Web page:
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Friday, November 30, 2018

Harassment Prevention Training Top Priority in 2019


International Paper Company (IPC) in Spartanburg, SC, which manufactures and distributes packaging boxes, hired Tamika Ray in 2002 to work as a “bundler” in its converting department. Beginning in 2003, Ray’s supervisor started acting inappropriately toward her, according to a court opinion, including asking Ray to engage in sexual activity with him and offering to pay her for those acts. The supervisor also allegedly made several overtly sexual comments to Ray, stating that he wished he could “bend her over his desk,” that he would father a child with her, and that he would engage in sexual activity with Ray’s sister-in-law if Ray did not acquiesce to his demands. The supervisor also asked Ray to show him her “cootie,” “cha-cha,” and “monkey,” comments that Ray construed as requests to see her body parts. The supervisor continued this conduct despite Ray’s repeated refusal of his advances and asking him to stop. 

In 2013, several years after her supervisor’s conduct began, Ray finally reported his behavior to two other IPC supervisors. Ray explained that her supervisor would not leave her alone and was ragging her because she would not have sex with him. Although they offered to say something about Ray’s allegations, she declined out of fear of retaliation. 

Under IPC’s anti-harassment policy, when a supervisor is notified of potential harassment or discrimination, the supervisor is required to report that allegation to his manager, to a human resources representative, or to IPC’s legal department. Neither of the other two supervisors formally reported any of Ray’s complaints. 

In early 2014, her supervisor learned that Ray had complained about his conduct. He confronted Ray and asked if she had reported him for sexual harassment. Ray denied making any complaints, and her supervisor informed her that such a report could get him in a lot of trouble. Around the same time, Ray’s supervisor informed her that she could no longer perform voluntary overtime work. Before imposing this restriction, Ray often had arrived four hours before her scheduled shift to perform overtime work, which represented a significant portion of her income.

IPC investigators conducted interviews and learned that the supervisor had told two other employees that he wanted to have sex with Ray. Although the accused supervisor denied ever saying anything sexual to or about Ray, the IPC investigators concluded that he was lying. Nevertheless, IPC did not discipline the supervisor because Ray’s allegations were not corroborated by the statements from other employees.

The U.S. Equal Employment Opportunity Commission backed Ray in Federal Court, saying in an amicus brief that a reasonable jury might find that IPC supervisors weren't properly trained on compliance with the company's anti-harassment policy and also that the company did not enforce its policy reasonably or promptly with respect to Ray. Both elements are critical to an affirmative employer defense.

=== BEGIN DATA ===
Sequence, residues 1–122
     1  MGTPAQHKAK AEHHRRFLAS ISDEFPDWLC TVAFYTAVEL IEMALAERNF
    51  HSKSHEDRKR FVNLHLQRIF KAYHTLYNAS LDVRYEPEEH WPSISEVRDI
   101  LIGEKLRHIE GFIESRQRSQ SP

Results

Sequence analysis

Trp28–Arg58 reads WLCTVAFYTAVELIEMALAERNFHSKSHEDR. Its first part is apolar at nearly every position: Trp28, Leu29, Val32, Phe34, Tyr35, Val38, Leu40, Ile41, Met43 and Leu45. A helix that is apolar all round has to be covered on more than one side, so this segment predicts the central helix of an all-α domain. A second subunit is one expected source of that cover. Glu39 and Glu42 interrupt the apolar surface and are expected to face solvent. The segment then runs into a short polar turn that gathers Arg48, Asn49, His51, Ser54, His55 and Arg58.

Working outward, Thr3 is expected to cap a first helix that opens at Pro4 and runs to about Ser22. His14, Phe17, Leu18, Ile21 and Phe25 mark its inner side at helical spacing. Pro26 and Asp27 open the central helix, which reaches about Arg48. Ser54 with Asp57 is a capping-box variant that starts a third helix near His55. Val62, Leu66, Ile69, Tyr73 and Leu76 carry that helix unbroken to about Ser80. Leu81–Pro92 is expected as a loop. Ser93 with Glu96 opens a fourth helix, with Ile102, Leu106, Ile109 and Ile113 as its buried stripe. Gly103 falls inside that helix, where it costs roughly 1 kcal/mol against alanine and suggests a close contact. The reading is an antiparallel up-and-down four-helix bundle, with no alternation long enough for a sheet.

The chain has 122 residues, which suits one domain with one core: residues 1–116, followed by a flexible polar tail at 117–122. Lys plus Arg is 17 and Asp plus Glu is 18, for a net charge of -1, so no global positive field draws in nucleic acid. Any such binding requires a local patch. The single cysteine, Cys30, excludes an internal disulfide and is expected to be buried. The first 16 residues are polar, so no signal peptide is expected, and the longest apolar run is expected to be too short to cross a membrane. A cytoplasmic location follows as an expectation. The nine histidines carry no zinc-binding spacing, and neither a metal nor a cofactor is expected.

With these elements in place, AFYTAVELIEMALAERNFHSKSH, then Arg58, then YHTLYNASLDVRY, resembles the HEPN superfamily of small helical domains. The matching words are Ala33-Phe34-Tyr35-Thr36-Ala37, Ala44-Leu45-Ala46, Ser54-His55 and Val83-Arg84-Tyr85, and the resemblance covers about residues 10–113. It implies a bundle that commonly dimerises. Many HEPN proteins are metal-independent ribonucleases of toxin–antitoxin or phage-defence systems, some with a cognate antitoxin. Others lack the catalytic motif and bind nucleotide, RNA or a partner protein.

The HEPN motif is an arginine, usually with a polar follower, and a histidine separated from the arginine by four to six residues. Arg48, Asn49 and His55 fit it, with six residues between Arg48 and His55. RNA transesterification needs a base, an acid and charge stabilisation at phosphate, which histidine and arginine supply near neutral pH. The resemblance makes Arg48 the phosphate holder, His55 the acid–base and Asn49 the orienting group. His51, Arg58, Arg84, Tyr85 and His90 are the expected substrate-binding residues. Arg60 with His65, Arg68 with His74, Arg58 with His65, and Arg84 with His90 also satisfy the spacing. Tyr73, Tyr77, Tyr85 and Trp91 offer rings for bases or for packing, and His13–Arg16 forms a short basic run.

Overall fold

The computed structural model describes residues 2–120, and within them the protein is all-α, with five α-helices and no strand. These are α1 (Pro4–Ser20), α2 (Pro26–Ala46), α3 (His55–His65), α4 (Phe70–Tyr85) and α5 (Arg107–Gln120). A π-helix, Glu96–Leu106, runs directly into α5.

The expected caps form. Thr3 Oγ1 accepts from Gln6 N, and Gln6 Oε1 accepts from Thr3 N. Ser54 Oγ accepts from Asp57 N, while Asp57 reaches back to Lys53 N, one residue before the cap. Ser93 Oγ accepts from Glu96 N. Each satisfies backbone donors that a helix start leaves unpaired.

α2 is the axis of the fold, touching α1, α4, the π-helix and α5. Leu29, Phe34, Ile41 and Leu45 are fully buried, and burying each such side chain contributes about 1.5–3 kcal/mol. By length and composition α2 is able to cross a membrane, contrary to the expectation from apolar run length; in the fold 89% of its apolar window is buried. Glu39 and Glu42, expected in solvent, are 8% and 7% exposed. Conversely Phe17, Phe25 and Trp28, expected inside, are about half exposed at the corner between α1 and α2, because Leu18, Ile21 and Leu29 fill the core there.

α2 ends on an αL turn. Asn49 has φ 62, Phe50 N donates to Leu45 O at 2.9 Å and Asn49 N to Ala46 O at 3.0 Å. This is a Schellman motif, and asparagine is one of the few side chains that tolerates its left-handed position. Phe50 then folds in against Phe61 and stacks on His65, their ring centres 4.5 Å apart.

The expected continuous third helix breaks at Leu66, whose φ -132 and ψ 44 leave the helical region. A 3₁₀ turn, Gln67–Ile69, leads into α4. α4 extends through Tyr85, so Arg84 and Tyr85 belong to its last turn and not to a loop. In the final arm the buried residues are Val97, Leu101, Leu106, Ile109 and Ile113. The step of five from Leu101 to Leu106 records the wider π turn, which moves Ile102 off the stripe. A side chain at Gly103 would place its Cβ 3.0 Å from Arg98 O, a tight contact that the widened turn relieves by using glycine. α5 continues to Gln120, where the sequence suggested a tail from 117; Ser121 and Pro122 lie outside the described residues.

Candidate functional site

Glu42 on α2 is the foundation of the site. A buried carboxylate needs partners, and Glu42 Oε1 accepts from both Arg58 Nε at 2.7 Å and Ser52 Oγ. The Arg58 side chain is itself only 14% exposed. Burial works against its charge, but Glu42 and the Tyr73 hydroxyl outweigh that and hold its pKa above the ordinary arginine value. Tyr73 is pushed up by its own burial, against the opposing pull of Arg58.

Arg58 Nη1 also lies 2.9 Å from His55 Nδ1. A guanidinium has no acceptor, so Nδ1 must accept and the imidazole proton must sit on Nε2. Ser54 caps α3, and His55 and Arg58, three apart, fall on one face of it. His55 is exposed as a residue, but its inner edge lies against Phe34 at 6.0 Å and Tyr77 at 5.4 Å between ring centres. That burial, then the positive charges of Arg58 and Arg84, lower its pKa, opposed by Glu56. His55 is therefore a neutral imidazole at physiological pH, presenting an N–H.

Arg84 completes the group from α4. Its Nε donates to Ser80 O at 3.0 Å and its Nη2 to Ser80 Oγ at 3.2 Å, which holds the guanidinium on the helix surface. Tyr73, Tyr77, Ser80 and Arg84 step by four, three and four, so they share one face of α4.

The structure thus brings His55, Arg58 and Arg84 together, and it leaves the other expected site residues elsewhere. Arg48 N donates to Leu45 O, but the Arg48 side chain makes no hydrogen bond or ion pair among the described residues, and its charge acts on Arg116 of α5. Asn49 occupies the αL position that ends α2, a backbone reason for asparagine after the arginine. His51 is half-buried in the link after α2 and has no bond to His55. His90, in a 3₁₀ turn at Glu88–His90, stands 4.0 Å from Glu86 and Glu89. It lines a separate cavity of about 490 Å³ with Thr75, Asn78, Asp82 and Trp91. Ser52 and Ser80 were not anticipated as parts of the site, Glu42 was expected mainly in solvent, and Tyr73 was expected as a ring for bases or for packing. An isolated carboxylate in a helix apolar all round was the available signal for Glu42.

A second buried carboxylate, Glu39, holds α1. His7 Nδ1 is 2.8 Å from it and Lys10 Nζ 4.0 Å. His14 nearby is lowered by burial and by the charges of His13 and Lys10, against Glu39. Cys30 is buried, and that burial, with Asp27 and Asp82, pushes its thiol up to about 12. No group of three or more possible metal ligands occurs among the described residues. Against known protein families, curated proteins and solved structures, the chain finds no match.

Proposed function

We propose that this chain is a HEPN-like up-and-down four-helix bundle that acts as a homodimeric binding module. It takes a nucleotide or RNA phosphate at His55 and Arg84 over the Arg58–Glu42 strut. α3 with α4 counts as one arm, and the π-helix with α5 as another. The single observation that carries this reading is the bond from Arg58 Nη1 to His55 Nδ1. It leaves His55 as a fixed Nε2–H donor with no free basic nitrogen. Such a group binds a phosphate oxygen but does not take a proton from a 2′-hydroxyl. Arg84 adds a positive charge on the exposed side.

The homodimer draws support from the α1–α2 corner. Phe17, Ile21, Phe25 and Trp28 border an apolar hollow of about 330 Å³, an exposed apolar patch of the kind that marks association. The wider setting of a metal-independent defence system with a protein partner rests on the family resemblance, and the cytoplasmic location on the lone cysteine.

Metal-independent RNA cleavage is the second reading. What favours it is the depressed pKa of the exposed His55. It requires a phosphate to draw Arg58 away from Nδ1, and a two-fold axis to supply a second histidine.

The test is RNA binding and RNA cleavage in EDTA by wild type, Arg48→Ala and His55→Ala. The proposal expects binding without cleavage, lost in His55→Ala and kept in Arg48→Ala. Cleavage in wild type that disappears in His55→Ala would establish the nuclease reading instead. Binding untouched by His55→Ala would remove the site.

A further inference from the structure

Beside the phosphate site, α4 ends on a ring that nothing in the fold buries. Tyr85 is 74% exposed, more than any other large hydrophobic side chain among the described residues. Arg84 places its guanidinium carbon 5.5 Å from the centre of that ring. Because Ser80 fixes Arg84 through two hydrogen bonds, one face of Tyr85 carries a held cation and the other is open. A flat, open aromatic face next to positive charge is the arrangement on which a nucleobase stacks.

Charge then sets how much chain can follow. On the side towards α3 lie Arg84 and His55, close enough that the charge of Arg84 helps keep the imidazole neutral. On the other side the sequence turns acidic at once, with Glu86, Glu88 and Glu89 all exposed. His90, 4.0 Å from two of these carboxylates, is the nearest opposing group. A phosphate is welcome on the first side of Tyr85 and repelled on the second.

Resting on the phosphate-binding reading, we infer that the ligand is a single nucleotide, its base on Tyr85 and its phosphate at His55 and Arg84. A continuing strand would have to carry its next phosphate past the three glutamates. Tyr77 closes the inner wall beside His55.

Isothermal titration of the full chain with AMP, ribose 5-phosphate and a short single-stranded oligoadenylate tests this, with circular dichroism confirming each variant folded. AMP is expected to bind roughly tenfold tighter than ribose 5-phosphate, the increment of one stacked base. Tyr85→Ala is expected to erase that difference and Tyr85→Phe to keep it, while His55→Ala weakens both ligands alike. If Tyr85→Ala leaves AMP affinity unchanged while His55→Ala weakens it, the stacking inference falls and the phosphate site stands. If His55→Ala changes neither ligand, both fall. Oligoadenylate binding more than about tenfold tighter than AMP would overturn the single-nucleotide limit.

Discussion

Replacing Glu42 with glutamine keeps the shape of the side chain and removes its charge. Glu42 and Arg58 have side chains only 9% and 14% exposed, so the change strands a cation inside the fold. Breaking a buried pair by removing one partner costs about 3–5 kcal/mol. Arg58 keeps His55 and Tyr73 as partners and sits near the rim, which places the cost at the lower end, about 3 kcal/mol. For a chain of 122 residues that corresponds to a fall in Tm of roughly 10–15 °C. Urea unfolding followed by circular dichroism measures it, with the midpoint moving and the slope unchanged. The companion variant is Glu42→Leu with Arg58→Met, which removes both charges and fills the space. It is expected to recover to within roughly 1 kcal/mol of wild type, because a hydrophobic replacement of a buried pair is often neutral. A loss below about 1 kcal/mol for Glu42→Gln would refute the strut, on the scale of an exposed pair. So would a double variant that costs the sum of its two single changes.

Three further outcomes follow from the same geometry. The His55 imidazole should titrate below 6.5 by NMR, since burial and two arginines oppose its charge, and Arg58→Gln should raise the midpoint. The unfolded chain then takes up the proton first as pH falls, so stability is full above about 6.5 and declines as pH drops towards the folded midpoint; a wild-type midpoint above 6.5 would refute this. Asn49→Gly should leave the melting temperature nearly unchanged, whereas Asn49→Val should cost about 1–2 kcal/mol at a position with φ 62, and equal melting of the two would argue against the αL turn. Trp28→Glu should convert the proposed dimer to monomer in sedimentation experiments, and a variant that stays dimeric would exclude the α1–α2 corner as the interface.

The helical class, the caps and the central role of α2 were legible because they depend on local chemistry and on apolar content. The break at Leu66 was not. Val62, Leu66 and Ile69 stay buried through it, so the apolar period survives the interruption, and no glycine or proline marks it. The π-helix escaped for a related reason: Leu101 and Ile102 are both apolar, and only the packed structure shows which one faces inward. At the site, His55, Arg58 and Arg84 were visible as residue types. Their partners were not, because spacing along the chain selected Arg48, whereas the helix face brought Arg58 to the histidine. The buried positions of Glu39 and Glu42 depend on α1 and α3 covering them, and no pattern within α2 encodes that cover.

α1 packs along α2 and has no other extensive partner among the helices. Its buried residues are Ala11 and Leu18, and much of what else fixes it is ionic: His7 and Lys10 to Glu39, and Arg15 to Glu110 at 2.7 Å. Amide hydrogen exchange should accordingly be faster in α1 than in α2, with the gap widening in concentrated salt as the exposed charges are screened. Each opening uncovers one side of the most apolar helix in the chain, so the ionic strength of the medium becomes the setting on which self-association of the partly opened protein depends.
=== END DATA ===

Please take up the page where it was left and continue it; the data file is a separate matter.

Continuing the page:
This week the 4th U.S Circuit Court of Appeals ruled that Ray’s case could go to a jury, finding that IPC’s failure to discipline the supervisor, retaliation by taking away overtime, and lack of adequate and meaningful supervisory harassment training were all highly significant.

Common Sense Counsel: The #MeToo era dictates that employers ramp up harassment prevention policies, training, and investigative compliance to stay out of the EEOC’s crosshairs.

Click here to read the full case: Tamika Ray v International Paper Company 

Tommy Eden is a partner working out of the Constangy, Brooks, Smith & Prophete, LLP office in Opelika, AL and can be contacted at teden@constangy.com or 334-246-2901. Link to full case at www.alabamaatwork.com

Friday, November 16, 2018

Tip Credit Has New/Old Regulation Helpful Interpretation

Last Thursday while I was attending the ABA Labor & Employment Law Section meeting, the U.S. Department of Labor Wage and Hour Division, issued an advisory opinion letter, FLSA 2018-17, that amends previous guidance regarding the “tip credit provision,” sometimes known as the 80/20 rule. The “tip credit” provision addressed the payment of minimum wage and applies to employees of a business that usually receive at least $30 per month in tips. These “tipped employees” are not required to be paid federal minimum wage (currently $7.25 per hour), but instead, only $2.13 per hour. In 2011, the Department of Labor had issued an opinion rescinding a 2009 opinion and instituting what has colloquially been called the “80/20 rule.” By FLSA 2018-17, the Department of Labor fully reinstated the prior 2009 determination, which will have far reaching consequences for employers of “tipped employees,” in the restaurant industry.


In order to understand this change, it is important to understand the old 80/20 rule. That rule is illustrated by the following example: A server primarily engages in the act of serving customers, or a “tip-producing” occupation. However, the server may engage in other work that does not directly generate tips, often called “side work.” This side work may involve folding napkins, wrapping silverware, cleaning tables, and similar tasks. The 80/20 rule, at its core, mandated that if such “non-tipped” tasks exceed twenty percent (20%) of an employee’s duties, the employer would not be able to use the “tip credit provision,” and could be required to pay the employee minimum wage. This led to numerous claims by employees that an employee’s collateral duties exceed twenty percent of the employee’s working time and demands that an employee be paid full minimum wage. The rule turned into a nightmare for the small business.